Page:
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First US Female Secretary of State Has Lived the American Dream


Madeleine Albright has lived her life in pursuit of the American dream, a journey that took her from being a diplomat's daughter in Czechoslovakia to becoming America's first female Secretary of State.

She was born in 1937 in Prague, in what was then Czechoslovakia. Her parents, Jews who converted to Catholicism to escape Nazi persecution, fled to London in 1939, since the Nazis had begun to arrest many of their Jewish relatives. Albright's father had served in the Czechoslovak diplomatic service. When the family immigrated to the United States in 1948, he became the founding dean of the Graduate School of International Studies at the University of Colorado in Denver.

Madeleine Albright says she followed closely in her father's footsteps. "I liked the way that he conducted his life," she says. "So as a personal thing, my father and then political figures that I admired were my role models, but the model of my father is what inspired me."

Albright became a U.S citizen In 1957, while she was a student at Wellesley College in Massachusetts. As a naturalized citizen, she believes she has a special appreciation for what it means to be an American. " I have always thought that this was an incredible country and exceptional in many ways," she says. "And I do think the world needs an America that is actively engaged, that is generous, that is working in partnerships with others, and helps to manage a very complicated international system."

After graduating from Wellesley in 1959 with a degree (and honors) in political science, she married Chicago newspaper journalist Joseph Albright. While raising her family, she earned a Ph.D in Public Law and Government from Columbia University.

Madeleine Albright served as chief legislative assistant to U.S. Senator Edmund Muskie from 1976 to 1978. She says she loved the work, and has always felt a deep passion for politics. "Politics is not a bad thing. It is the way that a democracy talks to itself," Albright says. "I loved every aspect of it. I got involved with some really incredible political figures like Ed Muskie, Walter Mondale, President Jimmy Carter, Bill Clinton and now Hillary Clinton."

With her appetite for politics whetted by her experience as a Senate staffer, Albright eagerly accepted an invitation in 1978 to serve on President Jimmy Carter's White House staff and later, on the National Security Council. Her keen understanding of foreign affairs led her to become an increasingly important and trusted voice on foreign affairs within the Carter Administration.

In 1982, after Carter's election loss to President Ronald Reagan, Albright returned to academe as a professor of international affairs at Georgetown University. In addition to teaching undergraduate and graduate courses in U.S policy and international affairs, Albright was responsible for developing university programs designed to enhance women's professional opportunities in international affairs.

She put some of those ideas into practice starting in 1984, when she was hired as a foreign policy advisor to the Democratic Party's vice-presidential nominee, Geraldine Ferraro. Four years later, another Democratic presidential candidate named Michael Dukakis hired her in the same advisory role.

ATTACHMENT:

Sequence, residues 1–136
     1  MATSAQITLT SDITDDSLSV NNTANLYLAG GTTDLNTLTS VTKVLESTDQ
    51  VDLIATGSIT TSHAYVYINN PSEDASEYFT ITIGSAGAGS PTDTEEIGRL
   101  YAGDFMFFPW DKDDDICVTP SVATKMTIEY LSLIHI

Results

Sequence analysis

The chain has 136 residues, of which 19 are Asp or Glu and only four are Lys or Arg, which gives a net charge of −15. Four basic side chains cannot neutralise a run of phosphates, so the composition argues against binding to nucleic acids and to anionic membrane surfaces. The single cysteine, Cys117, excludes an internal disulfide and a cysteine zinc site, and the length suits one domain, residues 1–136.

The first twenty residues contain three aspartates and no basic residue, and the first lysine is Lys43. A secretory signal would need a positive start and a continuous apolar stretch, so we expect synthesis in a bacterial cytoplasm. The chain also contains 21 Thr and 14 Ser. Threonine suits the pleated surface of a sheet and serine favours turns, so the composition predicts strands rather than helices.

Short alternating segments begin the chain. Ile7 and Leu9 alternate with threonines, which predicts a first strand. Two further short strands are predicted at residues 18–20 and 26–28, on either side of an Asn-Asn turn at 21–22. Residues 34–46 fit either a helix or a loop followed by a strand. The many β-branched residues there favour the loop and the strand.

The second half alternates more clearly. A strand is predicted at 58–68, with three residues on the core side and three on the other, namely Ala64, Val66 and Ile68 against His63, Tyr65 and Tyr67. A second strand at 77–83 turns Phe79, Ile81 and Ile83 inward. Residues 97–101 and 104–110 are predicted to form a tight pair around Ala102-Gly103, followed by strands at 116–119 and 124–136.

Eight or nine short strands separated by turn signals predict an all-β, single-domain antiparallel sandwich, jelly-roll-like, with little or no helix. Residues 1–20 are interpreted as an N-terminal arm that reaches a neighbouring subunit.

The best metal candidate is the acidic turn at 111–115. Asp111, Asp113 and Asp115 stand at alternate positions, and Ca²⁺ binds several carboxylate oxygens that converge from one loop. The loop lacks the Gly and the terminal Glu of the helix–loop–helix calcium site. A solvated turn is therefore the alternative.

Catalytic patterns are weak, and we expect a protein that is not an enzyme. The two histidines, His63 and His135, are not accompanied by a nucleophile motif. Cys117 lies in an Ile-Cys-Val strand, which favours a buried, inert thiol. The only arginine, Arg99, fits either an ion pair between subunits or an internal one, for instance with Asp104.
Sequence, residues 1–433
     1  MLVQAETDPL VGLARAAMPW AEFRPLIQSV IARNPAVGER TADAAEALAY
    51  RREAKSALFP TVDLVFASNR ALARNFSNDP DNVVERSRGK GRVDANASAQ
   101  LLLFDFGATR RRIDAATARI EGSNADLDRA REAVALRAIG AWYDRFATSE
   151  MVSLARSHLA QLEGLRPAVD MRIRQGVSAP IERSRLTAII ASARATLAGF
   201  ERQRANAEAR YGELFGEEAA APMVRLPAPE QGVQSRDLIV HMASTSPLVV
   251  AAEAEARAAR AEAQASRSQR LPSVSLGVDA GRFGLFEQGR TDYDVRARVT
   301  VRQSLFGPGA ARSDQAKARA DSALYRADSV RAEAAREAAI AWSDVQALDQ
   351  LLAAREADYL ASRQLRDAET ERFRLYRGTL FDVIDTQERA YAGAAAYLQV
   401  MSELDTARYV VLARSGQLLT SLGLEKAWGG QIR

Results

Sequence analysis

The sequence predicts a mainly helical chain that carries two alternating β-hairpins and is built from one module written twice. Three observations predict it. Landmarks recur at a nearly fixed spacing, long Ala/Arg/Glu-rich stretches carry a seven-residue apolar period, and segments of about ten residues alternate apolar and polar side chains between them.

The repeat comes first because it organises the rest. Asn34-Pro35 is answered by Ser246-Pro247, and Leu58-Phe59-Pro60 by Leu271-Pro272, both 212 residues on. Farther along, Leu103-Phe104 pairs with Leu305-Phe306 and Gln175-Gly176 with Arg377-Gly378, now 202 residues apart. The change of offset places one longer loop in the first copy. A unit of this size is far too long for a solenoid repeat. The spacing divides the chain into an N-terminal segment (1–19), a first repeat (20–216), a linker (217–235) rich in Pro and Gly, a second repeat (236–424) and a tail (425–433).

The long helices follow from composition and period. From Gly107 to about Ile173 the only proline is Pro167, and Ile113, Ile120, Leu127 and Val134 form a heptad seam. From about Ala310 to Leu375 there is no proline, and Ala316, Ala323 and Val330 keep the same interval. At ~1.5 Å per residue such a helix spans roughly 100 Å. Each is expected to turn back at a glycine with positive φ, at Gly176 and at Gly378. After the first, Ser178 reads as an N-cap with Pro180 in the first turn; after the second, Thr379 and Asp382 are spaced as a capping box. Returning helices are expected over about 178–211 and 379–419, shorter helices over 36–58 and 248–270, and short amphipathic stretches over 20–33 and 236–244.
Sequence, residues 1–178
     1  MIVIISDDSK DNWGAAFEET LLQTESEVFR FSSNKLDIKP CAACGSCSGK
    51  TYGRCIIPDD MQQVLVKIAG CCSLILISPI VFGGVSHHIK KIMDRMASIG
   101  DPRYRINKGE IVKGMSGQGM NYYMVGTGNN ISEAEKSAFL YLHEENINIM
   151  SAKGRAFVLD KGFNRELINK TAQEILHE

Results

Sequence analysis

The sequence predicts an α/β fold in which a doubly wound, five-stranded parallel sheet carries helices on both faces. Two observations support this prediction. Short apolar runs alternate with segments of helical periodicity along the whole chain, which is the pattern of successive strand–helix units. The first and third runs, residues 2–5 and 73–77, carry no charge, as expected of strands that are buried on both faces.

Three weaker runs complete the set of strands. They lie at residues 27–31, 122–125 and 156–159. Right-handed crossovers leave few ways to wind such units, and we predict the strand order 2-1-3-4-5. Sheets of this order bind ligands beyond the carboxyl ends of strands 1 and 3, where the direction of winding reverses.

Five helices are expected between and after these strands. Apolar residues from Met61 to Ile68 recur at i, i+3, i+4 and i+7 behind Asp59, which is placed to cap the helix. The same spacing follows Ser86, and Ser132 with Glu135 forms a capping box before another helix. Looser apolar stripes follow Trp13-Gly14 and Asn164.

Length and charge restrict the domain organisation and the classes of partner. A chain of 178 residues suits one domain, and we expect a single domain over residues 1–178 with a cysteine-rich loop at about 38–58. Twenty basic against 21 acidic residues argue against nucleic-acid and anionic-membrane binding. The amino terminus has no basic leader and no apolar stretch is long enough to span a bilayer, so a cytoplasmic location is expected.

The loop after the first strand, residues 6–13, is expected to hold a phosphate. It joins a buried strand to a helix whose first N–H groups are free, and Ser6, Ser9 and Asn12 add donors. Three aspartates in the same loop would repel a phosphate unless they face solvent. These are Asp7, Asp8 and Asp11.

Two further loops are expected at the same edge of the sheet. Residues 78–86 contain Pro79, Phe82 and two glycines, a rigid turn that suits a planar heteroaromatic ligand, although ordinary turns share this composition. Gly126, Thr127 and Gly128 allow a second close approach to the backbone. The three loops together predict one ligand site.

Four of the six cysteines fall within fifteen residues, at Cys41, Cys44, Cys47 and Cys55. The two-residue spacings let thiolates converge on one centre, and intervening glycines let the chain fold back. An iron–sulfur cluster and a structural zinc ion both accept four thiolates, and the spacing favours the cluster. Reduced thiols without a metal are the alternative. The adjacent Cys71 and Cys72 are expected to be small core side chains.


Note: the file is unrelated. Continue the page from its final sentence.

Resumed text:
She returned to international politics in 1993, when newly elected President Bill Clinton appointed her to be U.S. Ambassador to the United Nations. She admits it was a difficult job and expresses some regrets regarding her performance there. "I regretted very much the actions of our administration in not doing enough to help in Rwanda," she says, referring to the genocidal civil war in central Africa in 1994 during which an estimated one million people were systematically killed. "I think we all feel that way and have analyzed what happened. I think it would have been very hard to get forces there quickly enough to stop the genocide or killing, but I wish we would have tried."

Albright made history in 1997 when she was nominated by President Clinton and confirmed by the Senate to be the 64th Secretary of State, the nation's top diplomat. She was the first woman ever to hold that office and the highest-ranking woman in the history of the U.S. government. As Secretary of State, Albright helped shape American policies in critical areas like the Middle East, China, Bosnia and Kosovo.

Since leaving the State Department at the end of President Clinton's second term in 2001, Madeleine Albright has not abandoned her interest in foreign policy. She believes the United States has a unique role to play on the world stage, but that role, she says, must be in partnership with other nations.

"The U.S will continue to be the indispensable nation, which does not mean alone," Albright says. "It means that our engagement in the world is not something that has brought us the problems, but it will be required for us to try to help solve the problems of the 21st century."

Albright says she believes "in the goodness of America and the humanitarian spirit," and that helping "those who are starving or being tortured in various places" is in the U.S. national interest.

Madeleine Albright currently serves as Chairman of the National Democratic Institute for International Affairs. She has shared the highlights of her unusual life and her experiences at the White House and the State Department in two recent books: Madam Secretary: A Memoir and her latest, The Mighty & The Almighty-Reflections on America, God and World Affairs.

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